Table 3

Associations between occupational stair climbing and hip structural changes

 

Univariate β or odds ratio (95% CI)

P

Multivariate β or odds ratio (95% CI)

P

Multivariate β or odds ratio (95% CI) 4

P

Stair climbing aged 18 to 30 years (yes versus no)

Femoral head cartilage volume1

502 (217, 786)

<0.01

30 (−151, 211)

0.74

29 (−155, 213)

0.76

Femoral head cartilage defects 2

      

Anterior

3.6 (0.9, 14.3)

0.06

5.3 (1.0, 27.5)

0.05

4.8 (0.9, 25.4)

0.06

Central superolateral

2.4 (1.2, 5.0)

0.02

3.1 (1.4, 7.0)

<0.01

3.2 (1.4, 7.3)

<0.01

Central inferomedial

0.7 (0.3, 1.4)

0.32

0.6 (0.3, 1.3)

0.20

0.6 (0.3, 1.3)

0.17

Posterior

1.0 (0.4, 2.4)

0.95

1.0 (0.4, 2.7)

0.97

1.0 (0.4, 2.6)

0.98

Femoroacetabular BMLs 3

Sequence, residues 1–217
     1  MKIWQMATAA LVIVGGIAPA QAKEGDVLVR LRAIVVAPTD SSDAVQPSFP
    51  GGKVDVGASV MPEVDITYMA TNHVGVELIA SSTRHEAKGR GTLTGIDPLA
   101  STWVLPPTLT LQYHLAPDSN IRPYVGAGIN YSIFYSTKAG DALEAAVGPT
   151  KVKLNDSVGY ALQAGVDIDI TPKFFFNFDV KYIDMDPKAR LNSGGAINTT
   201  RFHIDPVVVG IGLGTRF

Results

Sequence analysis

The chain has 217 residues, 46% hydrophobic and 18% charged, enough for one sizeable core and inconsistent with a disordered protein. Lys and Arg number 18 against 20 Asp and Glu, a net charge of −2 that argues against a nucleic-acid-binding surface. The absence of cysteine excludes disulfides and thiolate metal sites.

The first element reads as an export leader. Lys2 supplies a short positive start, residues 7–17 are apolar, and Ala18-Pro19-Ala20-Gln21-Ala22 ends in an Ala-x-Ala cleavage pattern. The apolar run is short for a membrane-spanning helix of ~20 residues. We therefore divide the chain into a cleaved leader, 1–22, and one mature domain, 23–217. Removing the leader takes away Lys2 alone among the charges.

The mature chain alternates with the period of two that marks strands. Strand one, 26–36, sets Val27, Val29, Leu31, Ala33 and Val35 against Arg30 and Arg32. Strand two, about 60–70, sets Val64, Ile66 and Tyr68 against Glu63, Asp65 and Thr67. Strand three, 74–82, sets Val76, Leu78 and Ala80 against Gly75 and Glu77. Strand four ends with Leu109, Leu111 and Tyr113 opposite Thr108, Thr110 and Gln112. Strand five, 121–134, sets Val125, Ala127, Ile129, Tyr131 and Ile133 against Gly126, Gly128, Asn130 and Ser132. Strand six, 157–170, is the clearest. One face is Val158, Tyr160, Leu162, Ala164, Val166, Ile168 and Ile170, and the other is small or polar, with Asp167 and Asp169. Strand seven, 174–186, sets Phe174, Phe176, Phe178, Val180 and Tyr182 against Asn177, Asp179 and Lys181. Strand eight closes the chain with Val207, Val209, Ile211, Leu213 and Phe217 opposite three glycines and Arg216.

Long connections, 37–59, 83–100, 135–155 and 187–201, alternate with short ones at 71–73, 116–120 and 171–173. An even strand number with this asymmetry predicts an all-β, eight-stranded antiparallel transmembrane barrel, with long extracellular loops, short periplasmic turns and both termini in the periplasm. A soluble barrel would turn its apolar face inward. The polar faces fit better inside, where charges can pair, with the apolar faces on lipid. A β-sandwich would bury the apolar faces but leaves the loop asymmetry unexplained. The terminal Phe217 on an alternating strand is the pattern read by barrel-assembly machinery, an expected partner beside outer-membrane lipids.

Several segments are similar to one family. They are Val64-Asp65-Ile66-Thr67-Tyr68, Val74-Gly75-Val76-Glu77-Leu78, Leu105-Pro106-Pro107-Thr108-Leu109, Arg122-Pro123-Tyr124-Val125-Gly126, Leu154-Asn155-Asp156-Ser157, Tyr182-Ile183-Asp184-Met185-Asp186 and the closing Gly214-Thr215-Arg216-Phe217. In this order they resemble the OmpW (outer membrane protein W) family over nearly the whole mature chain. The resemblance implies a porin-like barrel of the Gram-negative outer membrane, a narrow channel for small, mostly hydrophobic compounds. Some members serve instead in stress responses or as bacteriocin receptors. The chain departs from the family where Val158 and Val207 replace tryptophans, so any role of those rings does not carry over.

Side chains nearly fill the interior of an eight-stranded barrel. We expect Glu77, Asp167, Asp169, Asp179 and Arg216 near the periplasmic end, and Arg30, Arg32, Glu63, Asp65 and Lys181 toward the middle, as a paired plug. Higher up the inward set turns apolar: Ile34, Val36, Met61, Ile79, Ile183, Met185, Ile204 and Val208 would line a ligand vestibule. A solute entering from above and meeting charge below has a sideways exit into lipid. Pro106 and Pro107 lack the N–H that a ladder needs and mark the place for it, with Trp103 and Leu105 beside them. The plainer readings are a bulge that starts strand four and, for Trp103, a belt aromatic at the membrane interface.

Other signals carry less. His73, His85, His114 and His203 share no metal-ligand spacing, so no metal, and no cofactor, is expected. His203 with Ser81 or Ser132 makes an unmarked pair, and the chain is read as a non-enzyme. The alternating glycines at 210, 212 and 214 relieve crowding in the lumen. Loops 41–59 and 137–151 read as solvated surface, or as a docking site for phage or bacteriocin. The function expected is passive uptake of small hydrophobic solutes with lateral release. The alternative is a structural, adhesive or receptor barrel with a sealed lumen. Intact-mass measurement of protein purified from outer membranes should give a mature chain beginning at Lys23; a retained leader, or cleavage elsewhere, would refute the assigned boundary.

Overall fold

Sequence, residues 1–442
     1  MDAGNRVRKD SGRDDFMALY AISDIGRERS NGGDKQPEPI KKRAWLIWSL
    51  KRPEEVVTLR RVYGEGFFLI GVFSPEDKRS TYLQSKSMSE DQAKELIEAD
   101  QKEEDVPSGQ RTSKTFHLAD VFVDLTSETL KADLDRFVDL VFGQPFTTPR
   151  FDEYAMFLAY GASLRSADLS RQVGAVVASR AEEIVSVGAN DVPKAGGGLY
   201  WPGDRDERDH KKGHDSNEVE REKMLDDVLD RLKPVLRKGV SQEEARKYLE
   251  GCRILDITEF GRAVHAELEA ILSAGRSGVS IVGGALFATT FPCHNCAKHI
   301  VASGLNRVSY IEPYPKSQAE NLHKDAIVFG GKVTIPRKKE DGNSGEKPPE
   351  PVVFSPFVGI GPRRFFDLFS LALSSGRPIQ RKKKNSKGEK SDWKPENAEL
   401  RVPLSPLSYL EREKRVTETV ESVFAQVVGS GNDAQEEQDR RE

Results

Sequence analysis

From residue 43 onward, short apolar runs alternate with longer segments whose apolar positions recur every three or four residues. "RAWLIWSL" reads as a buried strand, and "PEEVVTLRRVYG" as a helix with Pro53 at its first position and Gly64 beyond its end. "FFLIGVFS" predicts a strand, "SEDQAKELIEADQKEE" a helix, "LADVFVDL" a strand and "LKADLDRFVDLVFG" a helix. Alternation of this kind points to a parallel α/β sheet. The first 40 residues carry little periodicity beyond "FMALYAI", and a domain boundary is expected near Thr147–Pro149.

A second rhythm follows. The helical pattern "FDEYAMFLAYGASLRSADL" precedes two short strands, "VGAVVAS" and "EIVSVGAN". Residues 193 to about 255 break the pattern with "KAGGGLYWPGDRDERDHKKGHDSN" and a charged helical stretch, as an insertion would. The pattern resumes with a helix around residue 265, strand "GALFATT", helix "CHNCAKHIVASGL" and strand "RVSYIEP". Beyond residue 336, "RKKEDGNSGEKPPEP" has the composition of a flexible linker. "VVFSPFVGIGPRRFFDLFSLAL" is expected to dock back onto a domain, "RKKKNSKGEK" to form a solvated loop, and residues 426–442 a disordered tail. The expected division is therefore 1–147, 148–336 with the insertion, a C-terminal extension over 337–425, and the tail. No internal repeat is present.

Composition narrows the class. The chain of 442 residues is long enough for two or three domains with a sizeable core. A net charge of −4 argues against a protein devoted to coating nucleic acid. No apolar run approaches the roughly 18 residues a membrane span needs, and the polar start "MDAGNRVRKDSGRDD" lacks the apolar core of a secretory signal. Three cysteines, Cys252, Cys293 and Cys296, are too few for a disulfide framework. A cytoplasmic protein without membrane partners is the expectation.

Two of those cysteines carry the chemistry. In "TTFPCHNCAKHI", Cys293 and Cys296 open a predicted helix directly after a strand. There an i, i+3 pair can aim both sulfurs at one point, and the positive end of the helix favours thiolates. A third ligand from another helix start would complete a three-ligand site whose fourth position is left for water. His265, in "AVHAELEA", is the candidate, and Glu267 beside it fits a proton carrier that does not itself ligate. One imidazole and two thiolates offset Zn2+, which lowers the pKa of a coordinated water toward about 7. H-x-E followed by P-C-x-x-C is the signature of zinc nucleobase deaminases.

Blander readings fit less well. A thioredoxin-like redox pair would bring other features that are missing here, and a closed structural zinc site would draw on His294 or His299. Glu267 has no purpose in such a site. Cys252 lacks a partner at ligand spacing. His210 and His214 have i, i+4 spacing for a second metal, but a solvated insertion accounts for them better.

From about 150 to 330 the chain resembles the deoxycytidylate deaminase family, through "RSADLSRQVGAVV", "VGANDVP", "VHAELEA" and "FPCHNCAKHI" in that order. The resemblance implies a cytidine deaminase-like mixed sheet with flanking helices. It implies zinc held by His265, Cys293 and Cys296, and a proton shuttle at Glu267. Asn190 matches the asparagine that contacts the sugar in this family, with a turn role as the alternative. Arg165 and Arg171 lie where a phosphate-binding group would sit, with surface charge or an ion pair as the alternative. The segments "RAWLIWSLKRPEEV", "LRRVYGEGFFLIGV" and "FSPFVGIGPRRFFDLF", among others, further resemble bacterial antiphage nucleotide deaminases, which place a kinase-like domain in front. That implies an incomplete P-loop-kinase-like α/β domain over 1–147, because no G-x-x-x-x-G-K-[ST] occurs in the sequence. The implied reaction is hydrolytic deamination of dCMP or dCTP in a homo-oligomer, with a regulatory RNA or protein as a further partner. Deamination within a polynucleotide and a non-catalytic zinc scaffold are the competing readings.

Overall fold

Anterior

0.9 (0.3, 2.3)

0.79

1.2 (0.4, 3.3)

0.73

1.1 (0.4, 3.0)

0.87

Central superolateral

3.1 (1.4, 6.8)

<0.01

2.6 (1.2, 5.9)

0.02

2.5 (1.1, 5.7)

0.03

Central inferomedial

0.4 (0.0, 3.0)

0.35

0.5 (0.1, 4.1)

0.50

0.4 (0.1, 3.9)

0.46

Posterior

2.8 (1.1, 7.2)

0.04

3.2 (1.2, 8.9)

0.03

3.2 (1.1, 8.9)

0.03

Persistence score for stair climbing (grades 1 to 3)

Femoral head cartilage volume1

308 (104, 511)

<0.01

−53 (−182, 75)

0.41

−56 (−185, 73)

0.39

Femoral head cartilage defects 2

      

Anterior

0.6 (0.1, 4.1)

0.63

0.6 (0.1, 4.4)

0.64

0.6 (0.1, 4.2)

0.58

Central superolateral

1.9 (1.1, 3.2)

0.01

2.3 (1.3, 4.0)

<0.01

2.4 (1.3, 4.3)

<0.01

Central inferomedial

0.8 (0.5, 1.3)

0.29

0.7 (0.4, 1.3)

0.29

0.8 (0.4, 1.3)

0.32

Posterior

1.0 (0.5, 1.9)

0.98

1.0 (0.5, 2.0)

0.98

1.0 (0.5, 2.0)

0.98

Femoroacetabular BMLs 3

      

Anterior

0.9 (0.5, 1.8)

0.76

1.2 (0.6, 2.4)

0.63

1.2 (0.6, 2.5)

0.65

Central superolateral

2.3 (1.3, 3.9)

<0.01

2.1 (1.2, 3.7)

0.01

2.1 (1.2, 3.8)

0.01

Central inferomedial

0.6 (0.2, 2.1)

0.42

0.8 (0.2, 3.2)

0.74

0.7 (0.2, 3.0)

0.66

Posterior

1.8 (1.0, 3.5)

0.07

2.3 (1.1, 4.7)

0.03

2.3 (1.1, 4.9)

0.03